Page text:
How many holes in drywall is too many?

We are in the midst of remodeling our kitchen. Now that I have removed the microwave and the cabinets above it and alongside it -- and the nearby base cabinets, I have found what seems like an enormous number of holes in the sheetrock: a dozen holes where toggle bolts have been used (presumably along with screws into the studs) to secure a succession of microwave ovens, a ragged hole that serves no purpose at all that I can see, and a vertical hole about 3 inches wide and about 1 foot long running up from an electrical box that was uncovered by anything except the cabinet that was installed in front of it. This is in addition to the holes for electrical boxes for light switches and the outlet for the microwave.
Mounting the new microwave will necessitate yet another lot of four holes for toggle bolts. The wall is 5 1/2 feet wide. Would it be advisable just to rip the sheetrock out and replace it? That would also make it easier to rewire the outlet for the microwave to its own breaker; it present it's on the same circuit as half the kitchen outlets, but I haven't find the interconnection point.
Perce
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To start with, if at all possible, I would put the microwave on it's own circuit. Many localities (all?) require a dedicated circuit for a built-in microwave, yet allow a shared circuit for counter top units. I know that when my CT unit was on shared circuit, the breaker would trip quite often. It's dedicated now.
It might also be advisiable to install blocking for the microwave instead of using toggle bolts. I can't see the mounting hardware from here, but my guess is that using blocking would be the most secure method.
You got to do some patching anyway, so I'd cut out the section, wire it correctly, add the blocking, and pop in a new piece. At least that what it sounds like from here. Just remember to cut it back to the middle of the studs on each side so you'll have something to mount the patch to.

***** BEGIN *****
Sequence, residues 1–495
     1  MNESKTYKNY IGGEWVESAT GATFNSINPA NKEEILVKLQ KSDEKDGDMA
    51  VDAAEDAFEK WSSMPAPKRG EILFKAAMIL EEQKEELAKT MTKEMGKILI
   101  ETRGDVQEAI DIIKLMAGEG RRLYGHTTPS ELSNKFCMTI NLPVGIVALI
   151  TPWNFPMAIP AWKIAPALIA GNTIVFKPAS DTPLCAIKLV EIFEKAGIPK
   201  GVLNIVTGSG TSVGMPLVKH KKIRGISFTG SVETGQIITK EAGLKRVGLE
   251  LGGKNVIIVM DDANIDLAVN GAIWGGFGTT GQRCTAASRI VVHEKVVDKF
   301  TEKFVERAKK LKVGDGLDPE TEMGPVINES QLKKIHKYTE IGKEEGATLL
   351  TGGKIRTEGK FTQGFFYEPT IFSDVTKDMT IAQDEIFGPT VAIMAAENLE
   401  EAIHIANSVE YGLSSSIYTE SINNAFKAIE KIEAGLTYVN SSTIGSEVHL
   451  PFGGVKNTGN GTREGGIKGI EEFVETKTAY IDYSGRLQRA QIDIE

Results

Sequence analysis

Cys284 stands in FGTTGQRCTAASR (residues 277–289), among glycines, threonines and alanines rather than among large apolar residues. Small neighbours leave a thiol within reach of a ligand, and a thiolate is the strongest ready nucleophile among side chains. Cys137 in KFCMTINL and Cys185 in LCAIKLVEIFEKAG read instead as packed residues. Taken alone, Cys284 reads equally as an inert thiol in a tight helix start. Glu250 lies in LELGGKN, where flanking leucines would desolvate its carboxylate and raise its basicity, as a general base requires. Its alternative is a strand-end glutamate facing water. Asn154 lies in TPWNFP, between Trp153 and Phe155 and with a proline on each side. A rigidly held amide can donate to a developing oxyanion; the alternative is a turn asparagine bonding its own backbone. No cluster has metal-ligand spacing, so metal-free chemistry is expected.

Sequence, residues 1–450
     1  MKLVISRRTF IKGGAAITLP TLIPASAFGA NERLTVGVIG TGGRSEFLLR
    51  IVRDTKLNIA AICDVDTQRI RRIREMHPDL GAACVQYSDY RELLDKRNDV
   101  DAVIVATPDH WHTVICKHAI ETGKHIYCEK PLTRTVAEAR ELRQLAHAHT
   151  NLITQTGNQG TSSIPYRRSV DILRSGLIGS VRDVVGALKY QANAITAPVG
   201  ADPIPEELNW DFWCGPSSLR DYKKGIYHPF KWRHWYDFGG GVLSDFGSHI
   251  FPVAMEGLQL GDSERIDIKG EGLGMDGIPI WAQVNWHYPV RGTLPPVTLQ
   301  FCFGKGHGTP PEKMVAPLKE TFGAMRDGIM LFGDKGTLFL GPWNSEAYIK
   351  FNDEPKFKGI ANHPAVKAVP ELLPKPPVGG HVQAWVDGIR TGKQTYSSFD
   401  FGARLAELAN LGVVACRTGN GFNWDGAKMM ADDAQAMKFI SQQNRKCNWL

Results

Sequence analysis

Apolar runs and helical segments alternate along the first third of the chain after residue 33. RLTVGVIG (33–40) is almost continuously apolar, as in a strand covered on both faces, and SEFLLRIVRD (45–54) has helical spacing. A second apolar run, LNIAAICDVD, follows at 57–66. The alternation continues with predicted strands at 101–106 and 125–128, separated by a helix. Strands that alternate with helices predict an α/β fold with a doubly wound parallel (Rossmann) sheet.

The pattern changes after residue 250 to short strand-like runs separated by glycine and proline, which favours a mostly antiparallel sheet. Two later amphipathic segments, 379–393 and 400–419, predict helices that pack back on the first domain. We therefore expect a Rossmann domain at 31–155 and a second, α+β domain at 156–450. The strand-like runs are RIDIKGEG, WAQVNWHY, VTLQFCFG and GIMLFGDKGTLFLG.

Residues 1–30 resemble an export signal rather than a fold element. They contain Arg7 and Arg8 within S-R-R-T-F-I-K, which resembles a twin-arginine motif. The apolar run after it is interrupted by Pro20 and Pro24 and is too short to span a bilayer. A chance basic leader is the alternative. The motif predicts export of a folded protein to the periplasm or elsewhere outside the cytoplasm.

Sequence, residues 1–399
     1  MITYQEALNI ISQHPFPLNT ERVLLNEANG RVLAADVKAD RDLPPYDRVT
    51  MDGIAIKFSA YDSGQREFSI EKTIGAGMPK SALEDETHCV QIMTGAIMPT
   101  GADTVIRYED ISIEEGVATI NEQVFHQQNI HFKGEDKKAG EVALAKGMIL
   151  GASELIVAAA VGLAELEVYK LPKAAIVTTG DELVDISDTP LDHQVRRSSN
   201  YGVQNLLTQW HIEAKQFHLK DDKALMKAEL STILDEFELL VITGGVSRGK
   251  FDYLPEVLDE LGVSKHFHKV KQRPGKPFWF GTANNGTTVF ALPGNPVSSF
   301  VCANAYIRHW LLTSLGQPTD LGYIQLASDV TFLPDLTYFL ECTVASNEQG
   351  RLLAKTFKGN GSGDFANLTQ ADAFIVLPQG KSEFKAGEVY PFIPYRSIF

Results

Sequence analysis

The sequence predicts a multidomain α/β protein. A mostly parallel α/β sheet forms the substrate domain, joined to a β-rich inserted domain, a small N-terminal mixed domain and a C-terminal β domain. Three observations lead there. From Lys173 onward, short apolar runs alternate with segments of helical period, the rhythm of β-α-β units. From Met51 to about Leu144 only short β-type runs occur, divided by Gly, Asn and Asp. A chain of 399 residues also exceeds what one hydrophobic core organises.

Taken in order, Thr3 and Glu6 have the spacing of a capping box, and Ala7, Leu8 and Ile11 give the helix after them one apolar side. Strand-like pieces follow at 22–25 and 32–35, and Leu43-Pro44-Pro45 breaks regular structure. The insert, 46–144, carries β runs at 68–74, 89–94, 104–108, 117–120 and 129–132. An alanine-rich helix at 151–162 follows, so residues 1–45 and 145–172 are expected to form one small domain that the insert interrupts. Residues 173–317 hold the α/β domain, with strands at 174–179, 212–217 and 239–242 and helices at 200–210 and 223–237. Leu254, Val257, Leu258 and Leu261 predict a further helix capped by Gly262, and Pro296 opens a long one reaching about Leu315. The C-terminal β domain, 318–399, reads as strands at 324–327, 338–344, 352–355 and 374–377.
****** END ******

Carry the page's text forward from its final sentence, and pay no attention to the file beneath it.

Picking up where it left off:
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I'd like to add you don't even have to worry about spackling the sheetrock if its going to be hidden.
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If the cabinets are down, rip out the old drywall. Drywall is not sacred, nor is it expensive. It would certainly be easier to re-install new drywall and tape and mud it rather than patching dozens of holes. While the drywall is down put in blocking for the cabinets and microwave, don't depend on drywall to support them. Once the wall is open, you can install additional wiring, a microwave circuit, under cabinet lights, phone and TV cables, whatever suits your fancy. Before you install the drywall use a straightedge to find bowed studs and shim them level, it will make reinstalling the cabinets a lot easier.

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Just to clarify for you and a previous responder: I don't know what previous owners did, but any microwave I've installed has come with a mounting plate with a large number of holes, so that there have to be two or four or more that line up with a stud or other structural member, I don't recall about the previous one I installed, but this one also has four holes near the corners that are marked as "must be used by installer"; if they coincide with studs, that's good, but otherwise toggle bolts can be used -- just to hold the corners flat against the wall, but not necessarily supporting a great load. The main load is supported by screws into studs.
Nevertheless, I do like the suggestion of putting in blocking to correspond with those corner holes. Thanks for the suggestion.
Perce
On 08/13/07 03:05 pm EXT wrote:

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Replace the drywall. Put in a new circuit for the microwave and install additional studs or blocks so that you don't need to use toggle bolts.
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Amen to that. For the sheetrock, I'd cut out the old from stud to stud, with square horizontal cuts, and attach cleats clear of mount bracing, top, bottom, and sides. Cleats could easily by "2x2".
Cutouts for boxes should be really simple.
J
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